I was born into a Texan Catholic family. Growing up outside of Washington, D.C. I was raised to believe in God, but no real emphasis was placed on attendance of church, nor on the catechism. Despite my parents’ backgrounds they were very rational people, and encouraged my love of science from a young age. My father studied Chemical Engineering at university before changing tack when he realised that he preferred Law, but he always held out hope that I would go into the sciences when I was old enough to choose for myself. I recall a conversation I had with him when I was very young wherein he casually explained that he had been browbeaten into an engineering discipline in lieu of a pure (and I am not using this as a value term, purely as a demarcation) science, and had he gone into Chemistry or Physics he would probably still be in one of those fields today.
Little was made of religion as I grew. We went to church on Christmas Eve and on Easter, but other than that we rarely attended, and the spectre of formal mass ended up as a niggling anxiety in the back of my mind as we approached any high holy day. I think my parents were also put-off by the diocese in which we lived: it was conservative to the point of ridiculousness. Every sermon, including ones during Christmas Mass, were about the evils of abortion, and copious amounts of effluvium and brimstone were applied in the priest’s rhetoric. My family were not impressed, and soon we didn’t even attend mass at all.
This soon changed when my mother went to a funeral service at a local Episcopalian church. The setting was lovely, the parishioners were friendly, and the officiant, Father John (a pseudonym), was a kind and scholarly man. We soon began to attend every weekend, and for a time I enjoyed it. This caused quite a disturbance in the rest of the family; one of my aunts was especially perturbed and said she would “pray for us” to return to their flock. Soon came the time to become confirmed in the faith, and for my part I wanted to because of the community. Every weekend I would sit with the other children my age and we would speak with John about the foundations of the faith. I would regularly ask questions and John, to his credit, would answer honestly. If he didn’t know the answer he would ask for a week to go and read on the subject, and if he still had no answer the next week he would honestly say that he didn’t know. It was John and his attitude that led me to think for a while that I would like to go into the ministry. A lifetime of scholarly contemplation and caring for members of the community? Sign me up.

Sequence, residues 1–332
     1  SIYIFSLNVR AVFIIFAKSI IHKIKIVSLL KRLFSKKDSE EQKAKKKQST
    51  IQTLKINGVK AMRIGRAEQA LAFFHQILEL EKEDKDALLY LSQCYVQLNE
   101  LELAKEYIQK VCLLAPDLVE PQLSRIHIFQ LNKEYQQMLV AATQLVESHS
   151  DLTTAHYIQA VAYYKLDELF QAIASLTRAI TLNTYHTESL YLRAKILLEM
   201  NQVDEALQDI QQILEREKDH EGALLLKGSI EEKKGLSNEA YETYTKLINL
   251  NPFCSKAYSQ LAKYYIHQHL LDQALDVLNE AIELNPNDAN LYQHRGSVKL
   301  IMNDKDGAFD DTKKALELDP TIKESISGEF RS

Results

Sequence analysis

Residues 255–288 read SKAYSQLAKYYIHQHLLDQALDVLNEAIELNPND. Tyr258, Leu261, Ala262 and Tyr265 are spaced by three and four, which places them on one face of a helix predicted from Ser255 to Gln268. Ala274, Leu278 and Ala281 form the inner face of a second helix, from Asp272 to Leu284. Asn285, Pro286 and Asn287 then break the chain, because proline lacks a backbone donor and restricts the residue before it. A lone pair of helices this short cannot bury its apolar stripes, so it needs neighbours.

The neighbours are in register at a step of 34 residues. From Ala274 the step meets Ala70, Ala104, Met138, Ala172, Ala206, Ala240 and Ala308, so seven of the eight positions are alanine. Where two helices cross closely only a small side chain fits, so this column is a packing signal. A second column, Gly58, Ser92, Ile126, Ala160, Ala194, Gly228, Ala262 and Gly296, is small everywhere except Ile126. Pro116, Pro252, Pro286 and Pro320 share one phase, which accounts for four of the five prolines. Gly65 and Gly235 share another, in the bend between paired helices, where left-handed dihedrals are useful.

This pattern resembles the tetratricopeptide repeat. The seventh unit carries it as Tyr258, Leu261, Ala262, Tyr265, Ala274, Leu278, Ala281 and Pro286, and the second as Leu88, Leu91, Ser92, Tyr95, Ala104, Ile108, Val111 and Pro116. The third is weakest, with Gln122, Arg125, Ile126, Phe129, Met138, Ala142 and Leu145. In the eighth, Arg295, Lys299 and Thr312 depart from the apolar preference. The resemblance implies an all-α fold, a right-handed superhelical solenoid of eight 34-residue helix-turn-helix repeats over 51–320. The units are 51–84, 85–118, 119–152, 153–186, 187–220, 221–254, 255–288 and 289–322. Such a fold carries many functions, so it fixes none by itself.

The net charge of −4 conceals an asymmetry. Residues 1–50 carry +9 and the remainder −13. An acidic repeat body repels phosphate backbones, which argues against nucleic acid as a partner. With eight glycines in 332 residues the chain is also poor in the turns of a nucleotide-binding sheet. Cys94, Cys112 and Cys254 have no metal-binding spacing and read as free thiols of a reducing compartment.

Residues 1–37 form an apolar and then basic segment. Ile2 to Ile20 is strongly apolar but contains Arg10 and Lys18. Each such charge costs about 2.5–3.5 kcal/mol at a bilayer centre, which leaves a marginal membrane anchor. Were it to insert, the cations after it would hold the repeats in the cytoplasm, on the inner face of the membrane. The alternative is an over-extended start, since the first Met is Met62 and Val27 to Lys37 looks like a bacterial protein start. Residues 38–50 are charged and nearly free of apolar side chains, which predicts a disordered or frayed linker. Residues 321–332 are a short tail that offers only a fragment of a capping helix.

I was confirmed in the faith, and for a short time I participated in the community until, like all good church officials, John was eventually sent on a mission to Africa. I eagerly looked forward to the next father to arrive. I assumed too much of him, though: he was as obsessed with the evils of abortion and sin as any Catholic priest I had heard. It was at this point that I was turned off of Christian denominations.
I eventually started attending a Unitarian Universalist church, a further step on my path to atheism, and enjoyed my time there immensely. The tapestries were double helices, the youth group was filled with politically-minded young people advocating social justice, and the sex education was superb — a wonderful counter to the state-mandated abstinence-only education.
I began to realise, though, that I didn’t believe in all the things that a Christian of any description is meant to believe. I don’t believe that the world was created in seven days, I don’t believe in original sin, I don’t believe in the transubstantiation, I don’t believe in the divinity — or existence — of Jesus, and I found that I don’t even believe in god(s). I eventually told my parents of my realisation, and, despite a few tense conversations at first, they accepted my decision.
I’m now living in the UK working on my PhD in Physics, and I feel very comfortable about my choices; they’re logical and based off of my own thinking, though I will admit that reading several texts on the subject and Pharyngula has greatly helped in my explorations. My life is my own, my choices are my own, and I will not subjugate my curiosity, nor my logical facilities, to believe in something that’s always been of dubious value, anyway.
I am an atheist because I choose to be free of fear, lies, and dogma.